I frequently observe discrete interface problems that, in isolation, are minor, but in aggregate, equal BIG problems. "Death by a thousand paper cuts," you might say. I came across an update in CSS3 that gives developers more control over the cursor, which can be another tool to help communicate state or affordance to the user.
Imagine a page that contains a button that is enabled only after the user takes a specific action, like filling out required fields on a form. In this case, you can use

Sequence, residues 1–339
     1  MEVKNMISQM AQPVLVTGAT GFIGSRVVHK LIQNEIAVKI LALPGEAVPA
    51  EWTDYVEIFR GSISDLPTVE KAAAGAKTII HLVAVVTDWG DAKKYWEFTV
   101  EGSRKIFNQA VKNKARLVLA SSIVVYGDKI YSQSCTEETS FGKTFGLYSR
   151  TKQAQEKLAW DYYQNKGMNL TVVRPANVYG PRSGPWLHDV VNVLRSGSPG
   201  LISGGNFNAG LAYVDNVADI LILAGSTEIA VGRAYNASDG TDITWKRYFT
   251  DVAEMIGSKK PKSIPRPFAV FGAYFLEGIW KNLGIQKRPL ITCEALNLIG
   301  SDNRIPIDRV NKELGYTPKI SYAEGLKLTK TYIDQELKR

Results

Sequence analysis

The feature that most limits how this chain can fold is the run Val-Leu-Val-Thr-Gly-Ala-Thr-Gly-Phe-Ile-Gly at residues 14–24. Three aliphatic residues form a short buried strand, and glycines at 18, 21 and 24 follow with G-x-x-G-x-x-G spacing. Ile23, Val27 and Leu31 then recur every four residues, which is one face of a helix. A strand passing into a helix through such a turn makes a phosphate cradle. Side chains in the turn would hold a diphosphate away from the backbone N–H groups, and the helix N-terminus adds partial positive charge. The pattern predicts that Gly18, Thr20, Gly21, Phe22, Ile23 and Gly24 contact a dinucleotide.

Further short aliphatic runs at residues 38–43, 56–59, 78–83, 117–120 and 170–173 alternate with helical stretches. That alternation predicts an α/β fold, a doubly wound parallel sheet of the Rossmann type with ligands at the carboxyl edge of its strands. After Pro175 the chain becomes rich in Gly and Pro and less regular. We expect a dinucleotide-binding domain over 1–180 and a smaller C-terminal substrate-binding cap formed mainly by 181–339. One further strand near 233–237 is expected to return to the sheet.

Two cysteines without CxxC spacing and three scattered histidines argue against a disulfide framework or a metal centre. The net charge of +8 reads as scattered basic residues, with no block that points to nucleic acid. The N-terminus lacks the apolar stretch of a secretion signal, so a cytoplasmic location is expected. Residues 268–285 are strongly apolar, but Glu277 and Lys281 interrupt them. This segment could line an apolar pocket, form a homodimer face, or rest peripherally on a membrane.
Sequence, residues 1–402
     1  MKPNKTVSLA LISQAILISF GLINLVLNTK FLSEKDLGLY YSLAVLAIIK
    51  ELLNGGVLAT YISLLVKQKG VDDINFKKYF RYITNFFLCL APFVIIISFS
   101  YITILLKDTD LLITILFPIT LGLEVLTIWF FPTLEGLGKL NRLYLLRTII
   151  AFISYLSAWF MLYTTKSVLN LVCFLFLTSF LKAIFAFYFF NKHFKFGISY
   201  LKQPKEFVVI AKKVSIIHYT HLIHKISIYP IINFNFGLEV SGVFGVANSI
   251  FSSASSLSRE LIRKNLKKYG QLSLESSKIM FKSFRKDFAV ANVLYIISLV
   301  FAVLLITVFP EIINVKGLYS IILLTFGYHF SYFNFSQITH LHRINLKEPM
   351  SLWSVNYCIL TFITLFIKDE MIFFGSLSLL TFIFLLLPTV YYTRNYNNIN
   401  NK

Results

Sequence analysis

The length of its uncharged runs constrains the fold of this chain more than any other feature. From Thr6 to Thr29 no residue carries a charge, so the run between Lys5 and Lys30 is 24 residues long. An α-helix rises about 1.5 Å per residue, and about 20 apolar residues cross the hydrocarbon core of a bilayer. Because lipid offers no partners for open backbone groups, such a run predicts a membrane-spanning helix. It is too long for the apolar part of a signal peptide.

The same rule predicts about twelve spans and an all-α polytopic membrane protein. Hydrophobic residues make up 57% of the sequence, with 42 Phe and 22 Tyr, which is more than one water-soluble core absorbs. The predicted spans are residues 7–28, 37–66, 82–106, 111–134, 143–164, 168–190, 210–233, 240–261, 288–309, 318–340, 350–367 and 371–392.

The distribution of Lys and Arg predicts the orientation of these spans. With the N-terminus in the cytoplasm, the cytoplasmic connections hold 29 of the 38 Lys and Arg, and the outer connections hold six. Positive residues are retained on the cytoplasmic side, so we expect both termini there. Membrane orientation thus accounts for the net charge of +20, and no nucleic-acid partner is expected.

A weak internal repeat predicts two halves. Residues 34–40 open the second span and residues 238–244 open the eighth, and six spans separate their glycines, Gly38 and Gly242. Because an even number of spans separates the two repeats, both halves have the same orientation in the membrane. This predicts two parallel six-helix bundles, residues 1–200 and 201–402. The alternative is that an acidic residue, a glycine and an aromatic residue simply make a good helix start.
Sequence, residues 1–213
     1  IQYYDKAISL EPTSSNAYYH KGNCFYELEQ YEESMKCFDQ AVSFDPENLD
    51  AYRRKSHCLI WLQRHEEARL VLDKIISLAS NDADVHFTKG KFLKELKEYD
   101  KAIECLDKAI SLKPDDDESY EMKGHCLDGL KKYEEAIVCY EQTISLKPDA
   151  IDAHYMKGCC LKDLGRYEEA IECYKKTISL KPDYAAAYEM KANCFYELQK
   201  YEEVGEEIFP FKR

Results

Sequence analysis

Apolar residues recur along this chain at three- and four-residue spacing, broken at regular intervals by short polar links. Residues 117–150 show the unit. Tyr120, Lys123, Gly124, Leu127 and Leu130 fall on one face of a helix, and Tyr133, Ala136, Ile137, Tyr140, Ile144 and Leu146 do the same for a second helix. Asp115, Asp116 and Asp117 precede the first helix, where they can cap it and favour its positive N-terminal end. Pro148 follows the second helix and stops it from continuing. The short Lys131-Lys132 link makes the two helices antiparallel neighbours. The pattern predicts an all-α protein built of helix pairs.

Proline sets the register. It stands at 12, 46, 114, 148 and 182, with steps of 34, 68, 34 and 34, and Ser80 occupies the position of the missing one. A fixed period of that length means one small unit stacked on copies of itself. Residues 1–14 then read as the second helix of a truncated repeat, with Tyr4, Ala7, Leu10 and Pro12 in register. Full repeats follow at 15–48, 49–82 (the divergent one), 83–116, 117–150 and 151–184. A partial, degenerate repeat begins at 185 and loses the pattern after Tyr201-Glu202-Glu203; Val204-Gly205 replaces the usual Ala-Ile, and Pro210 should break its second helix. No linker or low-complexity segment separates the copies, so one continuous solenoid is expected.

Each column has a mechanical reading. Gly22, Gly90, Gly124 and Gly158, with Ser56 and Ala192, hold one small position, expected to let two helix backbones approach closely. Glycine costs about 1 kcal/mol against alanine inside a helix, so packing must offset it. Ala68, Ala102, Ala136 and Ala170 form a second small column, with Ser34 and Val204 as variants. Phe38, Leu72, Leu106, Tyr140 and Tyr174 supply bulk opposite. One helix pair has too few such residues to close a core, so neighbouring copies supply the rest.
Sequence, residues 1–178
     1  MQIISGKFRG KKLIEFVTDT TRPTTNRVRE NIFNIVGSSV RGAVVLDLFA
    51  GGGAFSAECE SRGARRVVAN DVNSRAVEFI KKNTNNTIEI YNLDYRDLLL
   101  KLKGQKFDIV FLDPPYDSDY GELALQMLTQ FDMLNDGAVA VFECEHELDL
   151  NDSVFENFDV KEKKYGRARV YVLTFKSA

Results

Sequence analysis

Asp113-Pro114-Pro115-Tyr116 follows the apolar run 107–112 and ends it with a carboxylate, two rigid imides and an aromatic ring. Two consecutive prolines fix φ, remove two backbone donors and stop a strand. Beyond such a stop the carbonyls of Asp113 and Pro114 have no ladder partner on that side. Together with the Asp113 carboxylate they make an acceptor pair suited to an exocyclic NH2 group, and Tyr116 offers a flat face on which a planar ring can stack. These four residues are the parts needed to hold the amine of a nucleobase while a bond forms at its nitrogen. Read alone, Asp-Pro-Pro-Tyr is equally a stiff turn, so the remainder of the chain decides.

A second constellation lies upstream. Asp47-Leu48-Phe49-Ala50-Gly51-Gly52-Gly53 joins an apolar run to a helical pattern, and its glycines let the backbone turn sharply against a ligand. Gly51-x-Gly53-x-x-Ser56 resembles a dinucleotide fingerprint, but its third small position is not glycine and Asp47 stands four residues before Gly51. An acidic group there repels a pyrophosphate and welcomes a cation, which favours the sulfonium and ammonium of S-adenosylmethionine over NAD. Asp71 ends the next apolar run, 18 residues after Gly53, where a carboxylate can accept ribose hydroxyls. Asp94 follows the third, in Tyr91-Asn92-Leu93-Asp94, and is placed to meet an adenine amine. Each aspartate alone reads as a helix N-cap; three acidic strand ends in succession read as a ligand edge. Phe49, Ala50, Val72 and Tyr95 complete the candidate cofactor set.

cursor: not-allowed on the disabled button to help communicate its non-clickable state. Of course, you'll still need to ignore the click until it is active, but when the user hovers over it, they'll have a clear indication that it's not (yet) interactive.
Hover over the disabled button in the example below. If your browser supports CSS3, you'll see a nice indication on the cursor: